THANK YOU seems like a great place to start. Thanks for all your tremendous e-mails after last week’s PEOPLE SOLUTION NEWSLETTER. You were all supportive and kind considering our decision to bring the newsletter to a close on December 31, as well as with my decision to start a new chapter and retire from the work I’ve enjoyed so much through JP HORIZONS. Several of you also had a couple of important questions that I feel need to be answered. “What about BOB?” and “Is JP Horizons going to continue on?” Stick with me for a few learning takeaways, and I believe you will like the answers to those questions at the end.
Again, thank you seems the best place to begin. Thank you, Bob Coulter, for the amazing teammate you have been for almost 20 years! In the spirit of using this newsletter to introduce a possible lesson or idea to consider by sharing our personal experience, I would like to use my friend Bob as a case study to help us all consider what it takes to make a good teammate.
I was looking for a great person to join the JPH TEAM and was interviewing a very qualified candidate who really could have brought a lot of expertise in business coaching. When I made an offer, she was immediately interested but not for herself. “I am not ready to make a change, but my boss might be.” That is how we were introduced to Bob Coulter. It wasn’t long before he had booked a flight from Atlanta, Georgia, to meet in our little office in Painesville, Ohio. The instant he walked through our office door, we connected and neither of us ever looked back. We talked about Springsteen, running and college sports, but most importantly, we shared our common desire to sincerely make a difference in the lives of as many people as possible. We later set a goal of “Energizing a Zillion People.” It was that goal that helped us create opportunities, overcome challenges, and make many important choices over the next couple of decades. Bob would graciously say that he was lucky to team up with us, but we know what he brought to the table those first days and every year since as he made an enormous difference in every company and individual life he touched. I guess great teammates feel fortunate for the team around them, and our mutual respect and appreciation for the other one’s talents enhanced our success as a team.
WOW, we have had so much fun, and there has been plenty of laughter at every turn. Generally, the jokes were at my expense but resulted in lots of laughter all the same. In the many Leadership Jams, Sales Jams, Face to Faces and company retreats, it became a regular occurrence to look to the back of the room and see Bob sitting with my wife, out of direct view of the audiences actively discussing and sometimes spontaneously critiquing what I was saying and doing on stage often accompanied by the signature Coulter slap to his forehead. Later that night at dinner in a restaurant, we would be rolling in our booth, replaying those moments and the fun we had with the audience that day. Often, we would come back into a hotel lobby still laughing and discussing the events of the day, and I believe many times our hosts or attendees seeing us might have thought we’d run up a bar tab. I assure you not a drop of alcohol was ever involved. It seems that the ultimate enjoyment of the work you do and team you are a part of comes from being willing to not take yourselves too seriously and always welcome every opportunity to laugh.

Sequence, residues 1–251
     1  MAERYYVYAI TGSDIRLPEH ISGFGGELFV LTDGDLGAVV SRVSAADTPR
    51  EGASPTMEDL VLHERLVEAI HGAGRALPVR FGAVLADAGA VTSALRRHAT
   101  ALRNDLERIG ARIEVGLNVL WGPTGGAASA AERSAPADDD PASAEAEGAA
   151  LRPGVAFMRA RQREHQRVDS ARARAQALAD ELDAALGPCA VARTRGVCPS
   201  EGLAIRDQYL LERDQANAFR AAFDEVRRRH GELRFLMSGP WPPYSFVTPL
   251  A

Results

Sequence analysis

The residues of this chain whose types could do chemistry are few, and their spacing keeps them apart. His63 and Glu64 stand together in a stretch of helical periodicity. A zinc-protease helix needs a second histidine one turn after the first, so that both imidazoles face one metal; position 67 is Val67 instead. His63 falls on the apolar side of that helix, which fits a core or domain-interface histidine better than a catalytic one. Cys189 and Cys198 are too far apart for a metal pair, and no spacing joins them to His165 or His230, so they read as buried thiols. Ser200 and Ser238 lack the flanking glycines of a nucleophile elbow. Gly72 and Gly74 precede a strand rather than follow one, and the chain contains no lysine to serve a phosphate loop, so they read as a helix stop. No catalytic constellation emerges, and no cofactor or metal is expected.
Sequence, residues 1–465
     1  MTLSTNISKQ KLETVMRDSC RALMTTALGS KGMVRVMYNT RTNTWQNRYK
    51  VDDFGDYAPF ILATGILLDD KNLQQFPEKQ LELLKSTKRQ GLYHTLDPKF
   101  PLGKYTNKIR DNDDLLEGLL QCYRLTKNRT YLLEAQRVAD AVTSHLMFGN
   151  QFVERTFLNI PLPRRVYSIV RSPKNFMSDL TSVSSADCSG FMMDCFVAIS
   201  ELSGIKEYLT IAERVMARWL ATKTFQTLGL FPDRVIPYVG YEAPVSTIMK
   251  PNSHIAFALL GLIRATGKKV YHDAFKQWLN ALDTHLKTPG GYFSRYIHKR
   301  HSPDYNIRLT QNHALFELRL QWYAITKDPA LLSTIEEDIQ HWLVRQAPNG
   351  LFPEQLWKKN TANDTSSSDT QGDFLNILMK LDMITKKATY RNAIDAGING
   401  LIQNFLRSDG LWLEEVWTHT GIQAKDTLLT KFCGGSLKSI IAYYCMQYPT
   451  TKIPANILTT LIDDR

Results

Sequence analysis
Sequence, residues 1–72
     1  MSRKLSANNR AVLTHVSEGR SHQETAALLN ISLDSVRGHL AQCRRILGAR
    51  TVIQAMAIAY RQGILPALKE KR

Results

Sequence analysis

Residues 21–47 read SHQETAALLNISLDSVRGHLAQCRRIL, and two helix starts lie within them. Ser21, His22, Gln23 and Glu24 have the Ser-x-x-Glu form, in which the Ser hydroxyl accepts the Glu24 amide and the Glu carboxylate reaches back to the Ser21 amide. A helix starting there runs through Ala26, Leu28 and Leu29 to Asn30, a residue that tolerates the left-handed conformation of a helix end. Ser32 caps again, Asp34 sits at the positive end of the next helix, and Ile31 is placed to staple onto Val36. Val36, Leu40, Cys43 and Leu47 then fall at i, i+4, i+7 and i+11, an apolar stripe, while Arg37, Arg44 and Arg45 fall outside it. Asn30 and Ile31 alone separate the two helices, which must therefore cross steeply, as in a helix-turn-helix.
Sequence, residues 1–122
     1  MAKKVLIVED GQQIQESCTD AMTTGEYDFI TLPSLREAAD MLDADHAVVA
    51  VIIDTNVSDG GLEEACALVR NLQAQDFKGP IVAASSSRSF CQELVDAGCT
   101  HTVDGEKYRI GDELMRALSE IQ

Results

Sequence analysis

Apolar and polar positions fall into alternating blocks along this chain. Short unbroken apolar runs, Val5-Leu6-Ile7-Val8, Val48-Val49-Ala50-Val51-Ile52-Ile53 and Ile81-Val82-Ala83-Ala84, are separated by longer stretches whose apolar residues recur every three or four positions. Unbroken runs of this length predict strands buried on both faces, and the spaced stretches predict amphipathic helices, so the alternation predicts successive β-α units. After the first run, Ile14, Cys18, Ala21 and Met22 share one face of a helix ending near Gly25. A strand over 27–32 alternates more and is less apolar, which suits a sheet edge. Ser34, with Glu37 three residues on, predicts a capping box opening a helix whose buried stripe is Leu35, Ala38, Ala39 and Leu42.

One thing about having a great team is the talent and experience you are able to draw from. Being a great teammate means having the wisdom to know when and how to offer advice. Those of you who work with Bob know he has a wonderful way of helping us find answers by asking the right questions, listening, asking some more questions, and continuing to listen until we seem to discover the answer that was always there. He may not be able to help us find answers 100 percent of the time, but because of his patience and desire to help, he has a batting average that could land him in the hall of fame.
Now on occasion over the past 2 decades, I have been the recipient of one of Bob’s world-famous reactions where hands and arms are thrown into the air followed by a vibrant falsetto voice asking, “What are you thinking?” This move has a way of stopping me in my tracks to hit rewind and get back into the mode of discovering the correct or more appropriate solution. It is always accompanied by a look on his face that says, “Just kidding, but . . . I am serious.” A great teammate comes with a lot of patience and an attitude to do whatever it takes to help.
One more thing comes to mind that Bob has taught us all, and it is key to being a great teammate as we learn to create win-win solutions and then take action to implement them. Evaluate yourself for a moment; did you propose a win-win solution to anyone today, yesterday, this week? It is amazing as we become aware of this how many times we can recognize the power of practicing a win-win approach to everything. We can also recognize the damaging effects of selfish I win/you lose solutions or when playing the victim, a resentful attitude that says, “Okay, you win and I lose . . . Again!” Great teammates are looking for win-win at every opportunity and benefit in many ways from having this as the best choice for how they want to live their lives.
While I am ready to move on to other priorities, Bob has a lot more coaching to do. In his own words,
“I still have something left on my fastball.”
For you not as well versed in sports analogies, that means he is going to continue for several more years. And why wouldn’t he? I believe he is actually getting better as the years go by, and JP Horizons will continue along with him in 2022. And, once again, we’ll see another win-win solution at JP Horizons.